Lighting the future of libraries

Last weekend we headed over to Old Windsor to the Lighting the Future joint SLG, YLG & SLA* conference for our very first exhibition.

With over 300 school librarians and children’s public librarians attending this was a great opportunity to chat to them about Hot Key Books and our fabulous launch list. We shared a table with our sister publisher Templar Publishing in the publishers’ exhibition, where we displayed our nine launch list titles all beautifully displayed on our gorgeous Hot Key embroidered table cloth (thank you Jenny!) with lots of proofs and memory sticks with PDFs of all our launch list which went like Hot Cakes!

At the exhibition opening the Mayor and Mayoress of Windsor and Templar Publisher Amanda Wood said a few words about the importance of libraries and reading and the fabulous Simon Bartram (illustrator of The Man on the Moon among other things) launched the exhibition.

Apart from the opportunity to talk to all these passionate librarians I also slipped into a couple of really interesting plenary sessions. I caught half of a ‘Question Time’ style panel discussion called ‘Reading in the Political Spotlight’ with Nic Amy, author Aidan Chambers, CILIP CE Annie Mauger, DJ and author Simon Mayo, The Reading Agency Director Miranda McKearney and David Reedy discussing questions from librarians including the panel’s thoughts on Michael Gove’s ‘Fielding test’ on which books should be in school libraries!

There was also a fascinating discussion about ‘Reading and Technology’ with a panel comprising Jonathan Douglas from the National Literacy Trust, Dave Coplin from Microsoft and Independent Trainer Bev Humphrey.

Bev spoke about the importance of tapping into the enthusiasm young people have for technology to hook them into reading, citing in particular the power of book trailers and Twitter to promote reading. She felt that technology allowed the barriers between readers and authors to come down, which can be motivating for readers – that it’s a great experience to be able to interact with the author whilst reading their book on Twitter.

When it came to ereaders, Bev felt they weren’t that useful for reluctant readers as in the end it’s the same as reading a book although it doesn’t help disguise the length of a book which can be motivating. On the other hand she found ipads and interactive ebooks very useful to encourage reading.

Jonathan Douglas went on to explain that there has been a steady decline in young people reading both online and offline in all formats year on year. Young people are accessing the stories they need to make sense of the world and learn from through visual means – not just text. Look at the popularity of YouTube. He explained his ‘Pendulum Clock’ theory (a long story!) that it’s often easier to communicate something visually than through words and we need to communicate the message/story via the best methods available. Visual storytelling is something that is growing quite rapidly.

Essentially there has been a paradigm shift from text to visual and there is a need to examine what reading and literacy is as children’s reading habits change so rapidly.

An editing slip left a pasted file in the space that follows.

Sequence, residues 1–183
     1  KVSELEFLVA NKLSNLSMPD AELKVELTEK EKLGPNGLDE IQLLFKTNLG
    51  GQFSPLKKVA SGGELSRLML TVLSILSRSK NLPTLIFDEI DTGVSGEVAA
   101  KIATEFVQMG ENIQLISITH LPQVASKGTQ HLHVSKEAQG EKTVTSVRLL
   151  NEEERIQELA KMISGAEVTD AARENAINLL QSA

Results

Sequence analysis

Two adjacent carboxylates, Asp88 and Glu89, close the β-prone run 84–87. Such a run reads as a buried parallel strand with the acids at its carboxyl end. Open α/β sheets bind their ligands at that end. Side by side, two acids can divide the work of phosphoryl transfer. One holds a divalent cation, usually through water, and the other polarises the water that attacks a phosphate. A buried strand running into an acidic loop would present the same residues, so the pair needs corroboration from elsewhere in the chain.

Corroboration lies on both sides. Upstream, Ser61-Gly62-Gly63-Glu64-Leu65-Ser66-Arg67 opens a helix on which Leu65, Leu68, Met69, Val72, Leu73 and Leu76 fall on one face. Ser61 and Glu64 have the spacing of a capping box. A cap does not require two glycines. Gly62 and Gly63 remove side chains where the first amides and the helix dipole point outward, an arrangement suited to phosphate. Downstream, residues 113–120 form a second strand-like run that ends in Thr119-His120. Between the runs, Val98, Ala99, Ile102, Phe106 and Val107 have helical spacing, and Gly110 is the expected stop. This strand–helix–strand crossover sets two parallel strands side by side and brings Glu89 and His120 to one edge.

Dave from Microsoft spoke about ‘technology as a force for good’ – his job is all about helping people understand what technology can offer. We love knowledge and entertainment and don’t care how we access it. Books and reading connect readers with wisdom of the author and the internet connects everyone to the wisdom of everything – the Internet has great potential.

He went on to talk about the reading circuit – the fact that children these days have ‘butterfly brains’ as they are constantly flipping from one thing to the next. Children love all technology and books and we need to equip

Dave is very excited about the future of computers, that we will be using every surface to access screens which will stop the constant upgrading of hard ware and help with the environment.

He went on to talk about our digital heritage – that it’s better to teach young people critical thinking – how to access and use information – (ie is the Wiki page correct?) rather than how to create a spread sheet using software that will be out of date in a couple of years. And this is where librarians come into play as they play a crucial role in teaching people how to access information and use it – and how to use a library, the internet, anywhere you search for information.

Dave’s message was – don’t worry about technology – use it to augment our experience. Don’t focus on the tool, focus on the task. Technology isn’t a barrier it’s an enabler!

Questions asked afterwards explored the role of librarians, the need for them to embrace technology and use it to their advantage, the environmental impact of Microsoft servers  versus trees for paper, the impact of DRM on social reading and much more!

There as a real buzz at this year’s conference as school librarians and public librarians were able to talk about and share their different experiences in a time that is difficult for everyone. It was great to see that despite obvious challenges, librarians are determined to fight for their future and the importance of reading.

*That’s the School Library Group, Youth Library Group and School Library Association for the uninitiated!

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